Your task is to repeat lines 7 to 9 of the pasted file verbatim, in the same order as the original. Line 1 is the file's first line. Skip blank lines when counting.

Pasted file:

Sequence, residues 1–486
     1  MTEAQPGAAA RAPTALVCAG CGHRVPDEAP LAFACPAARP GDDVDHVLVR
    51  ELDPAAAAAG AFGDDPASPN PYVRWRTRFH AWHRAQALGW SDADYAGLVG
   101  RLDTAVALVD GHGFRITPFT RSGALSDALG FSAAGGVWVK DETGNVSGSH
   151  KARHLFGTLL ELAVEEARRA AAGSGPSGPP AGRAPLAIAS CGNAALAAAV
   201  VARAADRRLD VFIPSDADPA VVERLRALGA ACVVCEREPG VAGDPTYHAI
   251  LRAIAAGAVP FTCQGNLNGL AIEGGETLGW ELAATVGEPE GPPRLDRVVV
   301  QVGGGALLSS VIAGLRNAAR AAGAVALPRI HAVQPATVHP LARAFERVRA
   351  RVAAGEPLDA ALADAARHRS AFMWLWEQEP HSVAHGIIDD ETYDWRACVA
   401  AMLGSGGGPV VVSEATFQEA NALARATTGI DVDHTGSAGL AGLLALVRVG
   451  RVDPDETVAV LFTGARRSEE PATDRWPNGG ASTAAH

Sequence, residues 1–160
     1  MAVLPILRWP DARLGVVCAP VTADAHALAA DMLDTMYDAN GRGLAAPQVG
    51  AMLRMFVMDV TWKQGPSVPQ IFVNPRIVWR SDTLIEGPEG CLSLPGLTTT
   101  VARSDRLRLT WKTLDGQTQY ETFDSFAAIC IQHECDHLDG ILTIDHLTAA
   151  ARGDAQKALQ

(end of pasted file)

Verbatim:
   251  LRAIAAGAVP FTCQGNLNGL AIEGGETLGW ELAATVGEPE GPPRLDRVVV
   301  QVGGGALLSS VIAGLRNAAR AAGAVALPRI HAVQPATVHP LARAFERVRA
   351  RVAAGEPLDA ALADAARHRS AFMWLWEQEP HSVAHGIIDD ETYDWRACVA